How to understand cash flow with basic accounting knowledge
Are you struggling to understand your cash flow? I run into many business owners that, by the way, express the same frustration. The last thing I want to do at the end of a busy day at the office is pull out a spreadsheet and go over my financials. Not only am I not proficient with numbers but the thought of reading through lines of financial data makes me feel inept and slightly irritated.
Am I alone in this picture?
According to Karen Berman and Joe Knight, in their book, “Financial Intelligence for Entrepreneurs”, many business owners may very well echo my sentiments. You might find these articles worth a read if you are interested in finding sound self-help advice:
- Best advice on how to set up ledger accounts
- Tulsa accounting advice you might find helpful
- How often should you reconcile your accounts?
Coming up with simple and easy to understand advice made it easier for me to grasp the concept. Sure, I get it. Low-cash in the bank is bad. But that is not the full-picture. Check these out:
1. Keep your books up-to-date
Always calculate your burn rate or negative cash flow. Your total cash reserves divided by the burn rate equals the number of months you can continue in business if no new revenue comes in. Starting a business with less than a year’s worth of cash in reserve to tide you over is usually a risky prospect. (about.com)
2. Looking past the net increase/decrease line
Knowing how you’re getting and spending your cash allows you to better gauge the quality of your earnings – that is, are they actually sustainable or aided by external factors? (Inc.com)
3. Maintain a Just-in-Time Inventory
If you sell or resell products, don’t keep more than a week’s worth of safety stock unless you can confidently guarantee high demand. (about.com)
4. Perform a Good Forecast
Quite often small and mid-sized businesses aren’t prepared for all the costs associated with growing quickly. More sales could mean more employees and a bigger inventory. That’s money going out upfront. But when will it come back?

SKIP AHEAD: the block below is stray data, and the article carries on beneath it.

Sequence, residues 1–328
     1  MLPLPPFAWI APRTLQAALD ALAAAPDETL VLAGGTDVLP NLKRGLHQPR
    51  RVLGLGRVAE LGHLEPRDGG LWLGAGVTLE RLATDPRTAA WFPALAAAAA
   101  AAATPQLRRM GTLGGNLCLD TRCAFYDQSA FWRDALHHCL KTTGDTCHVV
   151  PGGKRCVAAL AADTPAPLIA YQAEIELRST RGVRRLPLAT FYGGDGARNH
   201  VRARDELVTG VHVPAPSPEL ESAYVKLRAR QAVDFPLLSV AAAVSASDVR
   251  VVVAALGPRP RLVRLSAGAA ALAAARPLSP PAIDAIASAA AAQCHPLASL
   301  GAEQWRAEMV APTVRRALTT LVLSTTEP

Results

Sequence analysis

A rolling 12-month forecast is the best practice for most companies. If you start mapping things out week by week, you’ll see where to expect surges in expenses ahead of your big sales season and where several payments might come due all at once. (Inc.com)
5. Segment Your Customers, Suppliers and Inventory
When looking at your inventory, you want to observe the volatility of sales. Do you have too much cash tied up in products that sell only sporadically? Would that money be better off used in your “bread and butter” items that turnover more quickly? (Inc.com)
Understanding cash flow management for small businesses is no easy task. We hope these bookkeeping tips were useful for you. If you are looking for more help on how to understand your cash flow, find a local accounting or outsourcing group like LUXA that offers financial advice.
LUXA Enterprises offers outsourced accounting services for small businesses in the Tulsa and surrounding areas. If you’re considering a short or long-term approach to outsource accounting, give us a call for more information at 918-928-7288.